Hi, my name is Raul Jordan. I am a Go software engineer working on the Ethereum blockchain protocol. I write about distributed systems programming, technology, life, and ideas for how we can create a less zero-sum world.
Read more about me or contact me rauljordan@alumni.harvard.edu

Why I Bet on Ethereum

Back when the wild west of cryptocurrencies was first in full swing and the mainstream media was swamped with stories of drug cartels and launderers smuggling millions through bitcoin, it was pretty hard for an average person to see the value in the concept of a virtual currency. Among the initial questions that echoed across the world were

“What are the practical applications of this aside from buying drugs on silk road?”

“How secure is it, really?”

Fast forward a few years and although we have come a long way and blockchain education is easier to access, there is still a strain of naysayers with arguments that focus solely on the currency and not as much on the powerful, but subtle implications of decentralized systems.

Crypto bubbles will all be relative. Be careful what you call the top. pic.twitter.com/CVF2tmIiAl

— Chris Burniske (@cburniske) September 26, 2017

These questions are a result of a lack of education on the technology underlying cryptocurrencies themselves, namely, the blockchain. There was too much of a focus on trying to frame Bitcoin purely in transactional terms, automatically assuming the same of other blockchain protocols and completely missing the point.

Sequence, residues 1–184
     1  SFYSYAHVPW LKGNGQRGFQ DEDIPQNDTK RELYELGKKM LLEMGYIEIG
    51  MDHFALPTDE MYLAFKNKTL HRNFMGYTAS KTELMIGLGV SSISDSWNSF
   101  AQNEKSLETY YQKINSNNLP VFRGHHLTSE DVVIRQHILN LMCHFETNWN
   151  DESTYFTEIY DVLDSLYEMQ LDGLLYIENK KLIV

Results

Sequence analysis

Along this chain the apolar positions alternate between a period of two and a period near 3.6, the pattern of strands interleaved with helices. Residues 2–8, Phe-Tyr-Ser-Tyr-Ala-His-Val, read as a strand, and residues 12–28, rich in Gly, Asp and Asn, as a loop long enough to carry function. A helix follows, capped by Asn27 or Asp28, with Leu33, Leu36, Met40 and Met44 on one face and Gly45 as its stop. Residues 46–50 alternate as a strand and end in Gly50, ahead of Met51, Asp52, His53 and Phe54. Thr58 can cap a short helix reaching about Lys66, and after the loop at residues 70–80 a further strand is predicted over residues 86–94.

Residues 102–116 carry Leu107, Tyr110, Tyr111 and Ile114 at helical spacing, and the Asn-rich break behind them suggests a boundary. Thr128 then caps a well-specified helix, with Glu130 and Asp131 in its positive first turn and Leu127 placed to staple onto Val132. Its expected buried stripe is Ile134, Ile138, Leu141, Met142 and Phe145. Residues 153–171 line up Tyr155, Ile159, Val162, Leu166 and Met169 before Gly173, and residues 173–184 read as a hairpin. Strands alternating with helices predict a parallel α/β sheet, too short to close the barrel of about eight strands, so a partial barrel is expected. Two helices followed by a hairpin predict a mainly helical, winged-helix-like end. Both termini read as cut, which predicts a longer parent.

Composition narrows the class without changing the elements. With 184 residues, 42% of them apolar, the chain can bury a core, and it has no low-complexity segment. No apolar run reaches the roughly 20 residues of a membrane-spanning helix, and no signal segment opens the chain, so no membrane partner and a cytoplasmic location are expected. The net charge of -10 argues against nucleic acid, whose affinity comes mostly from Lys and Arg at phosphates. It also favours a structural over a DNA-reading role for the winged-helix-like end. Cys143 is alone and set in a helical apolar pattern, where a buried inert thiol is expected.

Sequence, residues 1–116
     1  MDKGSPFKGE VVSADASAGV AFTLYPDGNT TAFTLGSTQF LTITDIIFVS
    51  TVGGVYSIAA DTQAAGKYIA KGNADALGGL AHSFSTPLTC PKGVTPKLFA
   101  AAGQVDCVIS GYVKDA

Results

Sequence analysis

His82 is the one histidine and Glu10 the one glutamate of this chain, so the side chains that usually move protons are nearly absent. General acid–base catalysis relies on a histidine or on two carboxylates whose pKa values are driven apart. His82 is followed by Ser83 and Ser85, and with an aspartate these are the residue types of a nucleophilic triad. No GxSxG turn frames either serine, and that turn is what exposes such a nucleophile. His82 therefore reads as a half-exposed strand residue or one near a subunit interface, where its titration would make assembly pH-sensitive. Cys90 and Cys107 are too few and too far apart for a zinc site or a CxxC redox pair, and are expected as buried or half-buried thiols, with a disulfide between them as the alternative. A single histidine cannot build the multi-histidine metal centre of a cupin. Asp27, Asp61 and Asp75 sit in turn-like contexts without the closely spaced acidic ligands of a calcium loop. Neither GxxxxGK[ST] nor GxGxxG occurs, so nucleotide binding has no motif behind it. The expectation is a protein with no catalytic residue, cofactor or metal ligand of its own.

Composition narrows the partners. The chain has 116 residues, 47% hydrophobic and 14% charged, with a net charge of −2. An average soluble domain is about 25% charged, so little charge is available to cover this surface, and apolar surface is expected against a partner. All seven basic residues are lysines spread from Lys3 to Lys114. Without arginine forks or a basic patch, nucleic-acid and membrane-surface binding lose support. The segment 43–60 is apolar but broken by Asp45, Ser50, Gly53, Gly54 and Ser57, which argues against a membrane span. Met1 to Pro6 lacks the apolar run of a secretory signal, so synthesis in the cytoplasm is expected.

A Turing Complete System

With distributed ledgers came the advent of those desiring more expressive capabilities and applications on these systems. It was only a matter of time before developers were asking why not create fully decentralized applications that do more than just handle payments? Companies started to use blockchain systems as a way to store certain types of data, with various projects aiming to use a blockchain as an immutable store of knowledge, even though large portion of the Bitcoin community have been opposed to on-chain data storage. Many started to ask, could we go even further or use the blockchain for computational purposes?

The Ethereum project gave us exactly that: a Turing complete environment where anyone can code up smart contracts and spin up entire token ecosystems and applications on a public blockchain. This “global computer” brought us promises that we could only dream of when simplified versions of this idea were conceived by other projects such as MasterCoin. Bitcoin has rejected this level of abstraction and logic within its core system, deliberately using Script, a language with limited expressive capabilities to prevent malicious users from hijacking the blockchain programatically. However, Ethereum has embraced its Turing completeness as its most noteworthy & notorious feature. Although we are able to build any sort of application by leveraging the Ethereum Virtual Machine (EVM), this expressiveness undoubtedly comes at an enormous cost…


Safety-Critical Systems & Big Hacks